Health & Food

Butternut Squash Mac and Cheese

When I was young the only mac and cheese I would eat was Velveeta Shells and Cheese. I hated Kraft (I know, crazy, a kid who didn’t like Kraft?!) and I cringed when my mom told me she was making homemade mac and cheese (I would die for some of that today!). I never would have imagined that twenty years later I’d be enjoying something like butternut squash mac and cheese, with non other than nutritional yeast as an ingredient.squash mac and cheeseHeather recommended I try this butternut squash mac and cheese from Cooking Light magazine. It sounded delicious, but as always I knew I would have to make some “Gina tweaks”. As most recipes do, this one had garlic, which I had to omit due to my low FODMAPs diet restrictions (although there are several other FODMAPs in this recipe, so it’s tough to make FODMAPs-free or even low FODMAPs). But I can assure you that the garlic was not missed in this recipe. Even my garlic-sweating fiance can attest to that one. Here is the original recipe, with my modifications in red.

Butternut Squash Mac and Cheese
(Adapted from Cooking Light)

Makes ~8 servings


  • 3 cupscubed peeled butternut squash (about 1 [1-pound] squash)
  • 1 1/4 cupsfat-free, lower-sodium chicken broth
  • 1 1/2 cupsfat-free milk (unsweetened almond milk, vanilla)
  • 2 garlic cloves (omitted)
  • 1 teaspoonkosher salt
  • 1/2 teaspoonfreshly ground black pepper
  • 2 tablespoonsfat-free Greek yogurt
  • 1 1/4 cups(5 ounces) shredded Gruyère cheese
  • 1 cup(4 ounces) grated pecorino Romano cheese (substituted 1 cup grated parmesan)
  • 1/4 cup(1 ounce) finely grated fresh Parmigiano-Reggiano cheese, divided (substituted 1/4 cup nutritional yeast)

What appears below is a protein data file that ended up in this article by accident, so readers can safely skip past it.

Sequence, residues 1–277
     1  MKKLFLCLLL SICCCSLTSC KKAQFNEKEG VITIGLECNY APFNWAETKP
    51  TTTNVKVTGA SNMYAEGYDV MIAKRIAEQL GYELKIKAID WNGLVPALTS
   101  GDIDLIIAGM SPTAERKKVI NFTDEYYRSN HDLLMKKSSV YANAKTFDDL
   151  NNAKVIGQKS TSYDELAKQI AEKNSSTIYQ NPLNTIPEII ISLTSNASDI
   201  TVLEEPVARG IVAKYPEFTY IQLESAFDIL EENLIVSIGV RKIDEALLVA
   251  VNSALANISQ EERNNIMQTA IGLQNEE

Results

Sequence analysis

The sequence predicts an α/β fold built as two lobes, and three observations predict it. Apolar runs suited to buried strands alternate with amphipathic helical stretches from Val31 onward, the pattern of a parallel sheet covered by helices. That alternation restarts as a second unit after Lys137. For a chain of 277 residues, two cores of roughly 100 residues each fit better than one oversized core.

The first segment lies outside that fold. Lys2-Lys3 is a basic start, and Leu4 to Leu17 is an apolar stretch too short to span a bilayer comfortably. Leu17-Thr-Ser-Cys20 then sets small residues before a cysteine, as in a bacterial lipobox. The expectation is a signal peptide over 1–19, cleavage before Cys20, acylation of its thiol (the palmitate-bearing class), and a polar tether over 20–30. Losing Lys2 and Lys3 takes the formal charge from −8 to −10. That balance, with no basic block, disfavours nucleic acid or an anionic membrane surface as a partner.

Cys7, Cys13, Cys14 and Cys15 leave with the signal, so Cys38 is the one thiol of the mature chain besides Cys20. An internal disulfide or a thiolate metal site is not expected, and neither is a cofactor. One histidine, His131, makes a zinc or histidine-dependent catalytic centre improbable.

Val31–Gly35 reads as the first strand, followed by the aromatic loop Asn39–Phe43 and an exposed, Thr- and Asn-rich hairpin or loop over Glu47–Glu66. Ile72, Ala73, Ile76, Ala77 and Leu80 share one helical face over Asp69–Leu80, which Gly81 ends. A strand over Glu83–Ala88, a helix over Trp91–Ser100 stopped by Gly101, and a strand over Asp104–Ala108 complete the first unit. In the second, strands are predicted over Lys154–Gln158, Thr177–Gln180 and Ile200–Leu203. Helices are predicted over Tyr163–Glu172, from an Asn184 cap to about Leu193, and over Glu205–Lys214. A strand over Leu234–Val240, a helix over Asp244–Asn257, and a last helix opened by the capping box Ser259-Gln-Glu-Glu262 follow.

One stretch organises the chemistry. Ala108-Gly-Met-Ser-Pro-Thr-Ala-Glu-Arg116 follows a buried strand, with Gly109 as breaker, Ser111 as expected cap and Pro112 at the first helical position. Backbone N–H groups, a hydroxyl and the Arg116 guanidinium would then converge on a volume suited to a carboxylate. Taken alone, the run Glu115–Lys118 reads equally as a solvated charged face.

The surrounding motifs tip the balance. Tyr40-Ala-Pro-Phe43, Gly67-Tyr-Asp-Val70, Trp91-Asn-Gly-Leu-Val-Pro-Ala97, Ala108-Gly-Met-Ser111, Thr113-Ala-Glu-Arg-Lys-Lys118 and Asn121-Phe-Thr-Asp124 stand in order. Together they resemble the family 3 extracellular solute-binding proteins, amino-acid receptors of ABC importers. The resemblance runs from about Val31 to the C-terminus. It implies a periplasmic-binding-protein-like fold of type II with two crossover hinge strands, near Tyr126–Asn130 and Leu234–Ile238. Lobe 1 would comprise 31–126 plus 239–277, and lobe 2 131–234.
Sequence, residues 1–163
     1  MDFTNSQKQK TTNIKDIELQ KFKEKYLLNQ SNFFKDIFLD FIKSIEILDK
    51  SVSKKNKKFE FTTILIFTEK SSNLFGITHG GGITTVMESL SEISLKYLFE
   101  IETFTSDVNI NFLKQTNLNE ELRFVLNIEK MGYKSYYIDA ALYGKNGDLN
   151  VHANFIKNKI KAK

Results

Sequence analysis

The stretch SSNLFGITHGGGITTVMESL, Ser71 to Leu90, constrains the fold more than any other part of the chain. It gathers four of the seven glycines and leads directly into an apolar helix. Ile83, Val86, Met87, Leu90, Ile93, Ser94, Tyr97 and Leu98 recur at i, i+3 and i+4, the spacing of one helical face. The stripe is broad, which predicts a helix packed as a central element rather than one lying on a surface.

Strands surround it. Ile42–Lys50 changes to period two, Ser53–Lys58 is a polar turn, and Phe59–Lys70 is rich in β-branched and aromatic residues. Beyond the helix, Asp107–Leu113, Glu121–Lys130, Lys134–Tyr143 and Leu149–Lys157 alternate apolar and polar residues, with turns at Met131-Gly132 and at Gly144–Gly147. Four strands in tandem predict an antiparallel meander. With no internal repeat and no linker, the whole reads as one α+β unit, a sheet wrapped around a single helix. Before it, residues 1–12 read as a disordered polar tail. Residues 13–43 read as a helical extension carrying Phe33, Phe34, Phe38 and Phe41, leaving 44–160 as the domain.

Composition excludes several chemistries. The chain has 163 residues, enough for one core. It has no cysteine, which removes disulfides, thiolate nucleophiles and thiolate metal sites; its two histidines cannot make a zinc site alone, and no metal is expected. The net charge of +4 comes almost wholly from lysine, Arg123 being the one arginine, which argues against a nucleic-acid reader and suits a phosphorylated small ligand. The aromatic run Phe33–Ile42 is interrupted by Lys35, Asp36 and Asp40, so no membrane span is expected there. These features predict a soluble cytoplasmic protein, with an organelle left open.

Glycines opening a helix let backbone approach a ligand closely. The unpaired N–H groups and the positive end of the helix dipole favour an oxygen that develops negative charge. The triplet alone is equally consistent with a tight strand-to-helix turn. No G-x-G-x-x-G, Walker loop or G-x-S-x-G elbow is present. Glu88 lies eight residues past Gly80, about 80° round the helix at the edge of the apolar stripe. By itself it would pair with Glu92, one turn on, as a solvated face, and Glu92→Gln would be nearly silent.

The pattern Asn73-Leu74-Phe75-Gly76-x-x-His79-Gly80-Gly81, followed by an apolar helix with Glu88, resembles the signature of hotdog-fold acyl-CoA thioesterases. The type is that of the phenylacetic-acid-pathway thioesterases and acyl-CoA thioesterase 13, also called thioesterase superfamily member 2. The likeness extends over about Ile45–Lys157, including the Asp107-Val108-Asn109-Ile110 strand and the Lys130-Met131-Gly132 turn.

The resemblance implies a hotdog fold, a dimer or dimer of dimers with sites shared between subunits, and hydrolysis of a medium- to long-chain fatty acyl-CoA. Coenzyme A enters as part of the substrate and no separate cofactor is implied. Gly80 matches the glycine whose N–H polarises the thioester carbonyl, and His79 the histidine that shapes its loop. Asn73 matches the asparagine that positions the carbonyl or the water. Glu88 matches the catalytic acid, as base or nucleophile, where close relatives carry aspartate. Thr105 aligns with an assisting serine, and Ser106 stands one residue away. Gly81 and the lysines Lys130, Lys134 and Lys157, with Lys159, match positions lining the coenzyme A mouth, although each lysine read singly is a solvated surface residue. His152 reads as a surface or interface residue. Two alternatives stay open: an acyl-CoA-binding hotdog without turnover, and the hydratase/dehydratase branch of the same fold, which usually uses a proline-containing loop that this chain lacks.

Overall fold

• 1 pounduncooked cavatappi (substituted gluten free penne pasta to make it lower FODMAPs)
  • Cooking spray
  • 1 teaspoonolive oil
  • 1/2 cuppanko (Japanese breadcrumbs)
  • 2 tablespoonschopped fresh parsley

Table of Contents


1. Preheat oven to 375°.

  1. Combine squash, broth, and milk in a medium saucepan; bring to a boil over medium-high heat. Reduce heat to medium, and simmer until squash is tender when pierced with a fork, about 25 minutes. Remove from heat.
  2. Place the hot squash mixture in a blender. Add salt, pepper, and Greek yogurt. Remove the center piece of blender lid (to allow steam to escape); secure blender lid on blender. Place a clean towel over opening in blender lid (to avoid splatters). Blend until smooth. Place blended squash mixture in a bowl; stir in Gruyère, parmesan, and nutritional yeast. Stir until combined.
  3. Cook pasta according to package directions, omitting salt and fat; drain well. Add pasta to squash mixture, and stir until combined. Spread mixture evenly into a 13 x 9-inch glass or ceramic baking dish coated with cooking spray.
  4. Heat oil in a medium skillet over medium heat. Add panko, and cook for 2 minutes or until golden brown. Remove from heat. Sprinkle evenly over the hot pasta mixture. Lightly coat topping with cooking spray.
  5. Bake at 375° for 25 minutes or until bubbly. Sprinkle with parsley, and serve immediately.Sprinkle with parsleyNOTE:  For those of you who are vegan, try this with a soy or rice cheese, or even Daiya cheese (it melts really well). And of course use a vegetable broth instead of chicken.

vegetable brothI hadn’t had mac and cheese in a really, really long time. Neither had Nick. We both gobbled this up pretty fast. It was delicious, and Nick didn’t even know he was eating nutritional yeast. Muahaha.vegetable broth 1Neither of us really tasted the butternut squash, but we weren’t too surprised since the recipe’s main ingredients (the cheese!) had pretty powerful flavors. I will certainly be making this again.

Nutrition Facts
(for 1/8 of the recipe)

About author


Hi, my name is Rebecca Houston and I am a writer. I write about health, healthy food and daily meal plan for various websites.
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